Tuesday, April 19, 2011

A Final Fiddly Bit

Now that I've processed those revelations thus far, I had another challenge regarding details: veins and moles. These two features aren't all that easy to sculpt, in any medium. 

Anatomically, their design makes them a real challenge to translate because they're complex and fleshy. Veins also are bilaterally symmetrical and the major ones follow prescribed anatomical patterns, meaning that I can't just slap them on any which way. Veins also are dependent on the specific situation of the "moment," and even are influenced by the breed depicted as some breeds have "thinner" skin than others.

On the other side of the coin, veins and moles have artistic concerns. They're a study of balance, of achieving a delicate harmony between subtlety and emphasis. Scale also plays a big role because gigantism in these features will surely sink Mr. Pony as surely as putting elephant ears on him!

So early in the sculpting process, I wondered how to achieve these features in clay because I tend to add them later, rather than sculpt them as I go. But the problem with clay is that complications arise when applying delicate bits after the fact, which I won't go into because it's rather technical...let's just say it's tricky.

As an experimental workaround, I decided to carve a series of grooves where I wanted the veins to go, to give more surface area and a "seat" for the new clay.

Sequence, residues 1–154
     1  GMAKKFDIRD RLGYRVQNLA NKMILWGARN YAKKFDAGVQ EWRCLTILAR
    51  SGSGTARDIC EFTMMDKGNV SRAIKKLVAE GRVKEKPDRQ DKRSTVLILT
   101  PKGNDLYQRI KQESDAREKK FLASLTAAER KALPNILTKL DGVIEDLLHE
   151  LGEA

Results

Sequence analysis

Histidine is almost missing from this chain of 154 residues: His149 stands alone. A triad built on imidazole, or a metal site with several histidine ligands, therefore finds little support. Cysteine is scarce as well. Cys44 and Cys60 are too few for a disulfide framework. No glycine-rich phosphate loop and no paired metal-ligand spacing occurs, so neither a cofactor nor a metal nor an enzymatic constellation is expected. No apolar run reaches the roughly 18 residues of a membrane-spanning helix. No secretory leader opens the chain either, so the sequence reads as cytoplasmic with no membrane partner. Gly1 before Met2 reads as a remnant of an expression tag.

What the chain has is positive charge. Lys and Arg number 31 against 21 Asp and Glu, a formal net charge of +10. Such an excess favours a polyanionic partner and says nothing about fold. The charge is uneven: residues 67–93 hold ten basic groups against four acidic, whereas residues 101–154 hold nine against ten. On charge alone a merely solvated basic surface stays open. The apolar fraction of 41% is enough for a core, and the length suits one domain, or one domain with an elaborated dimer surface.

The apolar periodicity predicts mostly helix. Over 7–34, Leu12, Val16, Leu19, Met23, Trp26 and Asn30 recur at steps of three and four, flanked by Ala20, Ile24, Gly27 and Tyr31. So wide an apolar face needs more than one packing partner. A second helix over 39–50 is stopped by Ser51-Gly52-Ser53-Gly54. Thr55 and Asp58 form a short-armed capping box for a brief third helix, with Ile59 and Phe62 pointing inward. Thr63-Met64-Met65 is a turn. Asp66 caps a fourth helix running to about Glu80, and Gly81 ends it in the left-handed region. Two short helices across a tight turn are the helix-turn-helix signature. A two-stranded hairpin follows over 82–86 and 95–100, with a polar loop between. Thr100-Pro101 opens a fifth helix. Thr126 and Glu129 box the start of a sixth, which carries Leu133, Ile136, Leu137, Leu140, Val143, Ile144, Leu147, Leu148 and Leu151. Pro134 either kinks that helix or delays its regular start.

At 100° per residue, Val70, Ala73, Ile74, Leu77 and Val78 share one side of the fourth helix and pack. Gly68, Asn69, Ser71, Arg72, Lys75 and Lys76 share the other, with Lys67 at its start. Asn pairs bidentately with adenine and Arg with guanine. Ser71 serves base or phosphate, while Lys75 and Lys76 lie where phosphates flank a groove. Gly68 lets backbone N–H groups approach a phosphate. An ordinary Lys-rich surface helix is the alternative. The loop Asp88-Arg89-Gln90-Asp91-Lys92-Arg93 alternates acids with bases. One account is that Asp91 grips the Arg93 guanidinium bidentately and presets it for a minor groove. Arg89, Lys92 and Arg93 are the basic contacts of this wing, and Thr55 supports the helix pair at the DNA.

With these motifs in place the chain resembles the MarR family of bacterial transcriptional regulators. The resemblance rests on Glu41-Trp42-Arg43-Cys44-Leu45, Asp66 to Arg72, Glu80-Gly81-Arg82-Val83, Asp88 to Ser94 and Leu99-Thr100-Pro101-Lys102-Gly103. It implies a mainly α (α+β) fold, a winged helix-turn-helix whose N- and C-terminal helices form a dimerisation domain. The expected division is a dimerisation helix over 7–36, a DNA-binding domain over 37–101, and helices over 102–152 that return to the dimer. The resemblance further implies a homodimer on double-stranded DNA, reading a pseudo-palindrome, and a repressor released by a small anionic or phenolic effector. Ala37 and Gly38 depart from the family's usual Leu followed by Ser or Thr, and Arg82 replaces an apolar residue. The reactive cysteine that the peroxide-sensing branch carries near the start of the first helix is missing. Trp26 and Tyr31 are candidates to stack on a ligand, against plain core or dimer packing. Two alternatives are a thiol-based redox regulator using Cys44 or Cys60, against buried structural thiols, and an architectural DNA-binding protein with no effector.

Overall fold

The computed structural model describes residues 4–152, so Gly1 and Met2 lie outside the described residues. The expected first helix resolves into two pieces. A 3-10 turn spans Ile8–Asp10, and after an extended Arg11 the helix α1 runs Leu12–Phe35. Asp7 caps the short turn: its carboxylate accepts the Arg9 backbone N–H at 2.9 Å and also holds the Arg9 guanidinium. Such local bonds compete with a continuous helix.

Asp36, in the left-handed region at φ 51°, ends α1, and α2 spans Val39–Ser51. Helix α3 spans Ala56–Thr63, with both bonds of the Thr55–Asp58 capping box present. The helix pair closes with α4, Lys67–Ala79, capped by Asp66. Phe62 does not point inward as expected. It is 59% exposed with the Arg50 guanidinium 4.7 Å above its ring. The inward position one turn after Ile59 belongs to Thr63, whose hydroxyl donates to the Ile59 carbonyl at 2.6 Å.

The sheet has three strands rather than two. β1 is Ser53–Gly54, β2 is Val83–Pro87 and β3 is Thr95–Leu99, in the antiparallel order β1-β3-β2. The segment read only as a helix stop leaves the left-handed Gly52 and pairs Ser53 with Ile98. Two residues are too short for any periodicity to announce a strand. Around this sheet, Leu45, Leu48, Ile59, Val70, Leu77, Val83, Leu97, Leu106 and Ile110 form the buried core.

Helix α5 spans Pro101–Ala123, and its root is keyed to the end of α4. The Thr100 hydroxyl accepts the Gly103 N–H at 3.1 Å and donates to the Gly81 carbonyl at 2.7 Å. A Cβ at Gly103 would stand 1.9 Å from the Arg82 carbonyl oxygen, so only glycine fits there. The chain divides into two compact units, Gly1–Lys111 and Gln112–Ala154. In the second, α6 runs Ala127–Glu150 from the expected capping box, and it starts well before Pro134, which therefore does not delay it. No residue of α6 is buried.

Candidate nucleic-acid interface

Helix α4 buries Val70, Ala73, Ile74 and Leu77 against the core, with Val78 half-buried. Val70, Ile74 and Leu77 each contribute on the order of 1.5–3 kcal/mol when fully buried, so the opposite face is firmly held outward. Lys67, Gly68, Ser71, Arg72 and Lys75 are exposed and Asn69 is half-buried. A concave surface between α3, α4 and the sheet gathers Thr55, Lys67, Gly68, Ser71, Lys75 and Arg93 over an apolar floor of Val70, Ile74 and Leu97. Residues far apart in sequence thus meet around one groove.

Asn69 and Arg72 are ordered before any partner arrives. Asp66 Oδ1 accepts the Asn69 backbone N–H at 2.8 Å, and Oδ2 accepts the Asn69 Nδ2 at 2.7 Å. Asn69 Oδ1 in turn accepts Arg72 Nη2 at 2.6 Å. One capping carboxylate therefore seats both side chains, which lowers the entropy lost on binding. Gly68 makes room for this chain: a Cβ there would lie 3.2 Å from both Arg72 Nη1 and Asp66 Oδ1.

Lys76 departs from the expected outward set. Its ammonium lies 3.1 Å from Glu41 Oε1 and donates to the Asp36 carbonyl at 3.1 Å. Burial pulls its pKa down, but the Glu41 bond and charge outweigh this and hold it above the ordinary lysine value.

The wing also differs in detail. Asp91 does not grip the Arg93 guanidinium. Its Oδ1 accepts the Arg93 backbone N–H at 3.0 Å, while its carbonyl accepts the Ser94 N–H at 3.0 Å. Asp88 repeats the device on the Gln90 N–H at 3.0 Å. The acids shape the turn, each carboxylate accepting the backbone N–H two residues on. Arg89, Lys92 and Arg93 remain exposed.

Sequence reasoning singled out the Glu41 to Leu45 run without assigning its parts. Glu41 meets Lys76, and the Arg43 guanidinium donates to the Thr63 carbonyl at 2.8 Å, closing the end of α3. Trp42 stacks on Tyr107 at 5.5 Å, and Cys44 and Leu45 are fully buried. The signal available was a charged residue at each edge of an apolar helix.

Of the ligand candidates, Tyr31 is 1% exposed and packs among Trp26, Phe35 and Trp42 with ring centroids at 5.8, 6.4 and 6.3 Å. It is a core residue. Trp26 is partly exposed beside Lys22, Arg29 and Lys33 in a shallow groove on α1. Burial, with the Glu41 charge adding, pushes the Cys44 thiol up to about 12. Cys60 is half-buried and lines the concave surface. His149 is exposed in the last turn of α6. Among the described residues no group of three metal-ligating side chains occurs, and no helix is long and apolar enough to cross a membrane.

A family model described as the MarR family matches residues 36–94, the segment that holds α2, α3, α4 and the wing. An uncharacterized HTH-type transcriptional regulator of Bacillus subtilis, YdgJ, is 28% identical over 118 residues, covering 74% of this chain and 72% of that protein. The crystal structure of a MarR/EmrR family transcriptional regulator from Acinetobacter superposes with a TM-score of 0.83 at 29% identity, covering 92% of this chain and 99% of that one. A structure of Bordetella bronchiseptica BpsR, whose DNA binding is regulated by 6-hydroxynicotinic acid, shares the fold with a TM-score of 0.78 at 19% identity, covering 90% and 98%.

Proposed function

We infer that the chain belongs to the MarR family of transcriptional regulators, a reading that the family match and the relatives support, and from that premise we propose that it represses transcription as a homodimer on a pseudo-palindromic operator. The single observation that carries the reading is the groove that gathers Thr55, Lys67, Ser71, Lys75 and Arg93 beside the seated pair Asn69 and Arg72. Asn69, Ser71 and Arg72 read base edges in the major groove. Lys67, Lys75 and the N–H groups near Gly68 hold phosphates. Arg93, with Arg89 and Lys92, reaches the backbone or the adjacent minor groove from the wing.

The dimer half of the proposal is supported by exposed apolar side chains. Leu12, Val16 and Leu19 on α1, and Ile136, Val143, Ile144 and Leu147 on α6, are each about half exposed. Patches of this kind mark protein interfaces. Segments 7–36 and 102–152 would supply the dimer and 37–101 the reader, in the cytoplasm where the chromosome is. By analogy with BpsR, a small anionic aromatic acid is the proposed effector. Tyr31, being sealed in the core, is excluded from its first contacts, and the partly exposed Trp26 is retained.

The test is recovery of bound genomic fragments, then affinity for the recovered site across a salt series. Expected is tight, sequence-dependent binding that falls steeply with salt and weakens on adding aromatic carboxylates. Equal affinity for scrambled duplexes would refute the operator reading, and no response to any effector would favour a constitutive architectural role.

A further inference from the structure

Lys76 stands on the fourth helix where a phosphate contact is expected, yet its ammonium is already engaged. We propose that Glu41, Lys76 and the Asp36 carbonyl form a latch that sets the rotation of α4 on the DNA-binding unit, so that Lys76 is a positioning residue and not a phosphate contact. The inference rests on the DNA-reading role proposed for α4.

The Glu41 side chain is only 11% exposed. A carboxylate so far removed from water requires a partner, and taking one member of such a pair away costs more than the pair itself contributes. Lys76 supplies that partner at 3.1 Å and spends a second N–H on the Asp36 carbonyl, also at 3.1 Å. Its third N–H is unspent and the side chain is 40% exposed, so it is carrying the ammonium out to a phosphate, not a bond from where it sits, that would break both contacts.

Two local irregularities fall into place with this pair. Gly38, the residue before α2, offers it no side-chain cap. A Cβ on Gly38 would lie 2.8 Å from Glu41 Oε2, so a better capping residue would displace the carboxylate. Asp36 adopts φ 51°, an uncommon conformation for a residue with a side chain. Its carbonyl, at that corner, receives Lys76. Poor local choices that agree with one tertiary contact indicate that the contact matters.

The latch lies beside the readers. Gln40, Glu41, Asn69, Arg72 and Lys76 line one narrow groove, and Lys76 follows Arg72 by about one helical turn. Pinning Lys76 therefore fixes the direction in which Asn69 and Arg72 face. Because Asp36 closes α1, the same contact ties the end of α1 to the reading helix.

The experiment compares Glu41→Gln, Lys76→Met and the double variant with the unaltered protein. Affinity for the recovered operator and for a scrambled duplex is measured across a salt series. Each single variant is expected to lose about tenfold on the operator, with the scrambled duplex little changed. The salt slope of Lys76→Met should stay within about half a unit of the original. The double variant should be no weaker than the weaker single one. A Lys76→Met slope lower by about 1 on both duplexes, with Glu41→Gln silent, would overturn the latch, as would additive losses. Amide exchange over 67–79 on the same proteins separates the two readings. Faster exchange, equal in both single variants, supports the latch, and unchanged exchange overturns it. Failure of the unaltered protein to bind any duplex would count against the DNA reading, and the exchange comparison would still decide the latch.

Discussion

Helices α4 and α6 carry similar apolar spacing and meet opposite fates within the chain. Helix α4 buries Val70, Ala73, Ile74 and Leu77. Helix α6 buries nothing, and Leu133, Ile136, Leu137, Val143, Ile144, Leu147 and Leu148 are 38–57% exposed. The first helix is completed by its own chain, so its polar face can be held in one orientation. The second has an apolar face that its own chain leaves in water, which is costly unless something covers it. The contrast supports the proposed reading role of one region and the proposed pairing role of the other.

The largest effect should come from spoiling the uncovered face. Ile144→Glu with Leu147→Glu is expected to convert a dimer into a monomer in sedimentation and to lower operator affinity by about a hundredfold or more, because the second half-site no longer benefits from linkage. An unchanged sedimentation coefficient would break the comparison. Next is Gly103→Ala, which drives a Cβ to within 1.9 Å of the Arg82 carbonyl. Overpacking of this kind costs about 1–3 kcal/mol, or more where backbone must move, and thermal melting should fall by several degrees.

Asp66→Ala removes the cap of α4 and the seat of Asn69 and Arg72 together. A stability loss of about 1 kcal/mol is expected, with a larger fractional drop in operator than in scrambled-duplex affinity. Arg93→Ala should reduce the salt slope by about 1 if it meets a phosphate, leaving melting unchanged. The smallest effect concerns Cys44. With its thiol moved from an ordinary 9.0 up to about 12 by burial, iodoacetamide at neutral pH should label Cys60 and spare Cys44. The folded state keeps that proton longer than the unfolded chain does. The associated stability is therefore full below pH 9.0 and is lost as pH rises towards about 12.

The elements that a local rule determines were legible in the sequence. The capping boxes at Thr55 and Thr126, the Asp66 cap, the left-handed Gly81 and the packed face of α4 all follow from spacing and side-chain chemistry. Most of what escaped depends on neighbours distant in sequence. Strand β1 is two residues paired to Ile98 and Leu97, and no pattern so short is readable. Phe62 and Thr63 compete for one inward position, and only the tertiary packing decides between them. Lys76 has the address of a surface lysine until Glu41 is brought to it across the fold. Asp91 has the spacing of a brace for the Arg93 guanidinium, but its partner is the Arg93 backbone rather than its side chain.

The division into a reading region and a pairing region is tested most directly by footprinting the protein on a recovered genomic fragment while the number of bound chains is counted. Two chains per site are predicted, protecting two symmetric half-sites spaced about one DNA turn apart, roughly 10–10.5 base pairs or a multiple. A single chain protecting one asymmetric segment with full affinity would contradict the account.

Here you can see what I mean by the grooves.

 Here's a close-up.

I dampened those areas with a wet brush, waited a minute, and then dotted slip along the grooves with a fine flat brush, just to get the clay mass onto the body. I let those areas dry a bit, and then sprayed them with a light mist of water from a spray bottle to infuse a degree of "give" and "life."

I then used a sculpting tool to define and clean them up, also fiddling with them to blend them into the body. After letting them dry a bit to "rest," I gently smoothed them with my brush to set them "back" into the skin - and voilĂ !

 Finished veins and moles.

I'm really happy with how they turned out! The veins have a good degree of fleshiness and a nice balance in intensity. As you can see, the moles are more suggested, which I think works better for clay. If they crack as they dry, I'll just repair them with more slip. The biggie is firing -- I hope all this doesn't pop off! Hey, it can happen. But I'm hoping the "seating" will help them cling on, like anemones to a rock. So tomorrow - to connect him to his vase tube!

"The world becomes fresh and hopeful and new, when we create." ~ Lynda Lehmann
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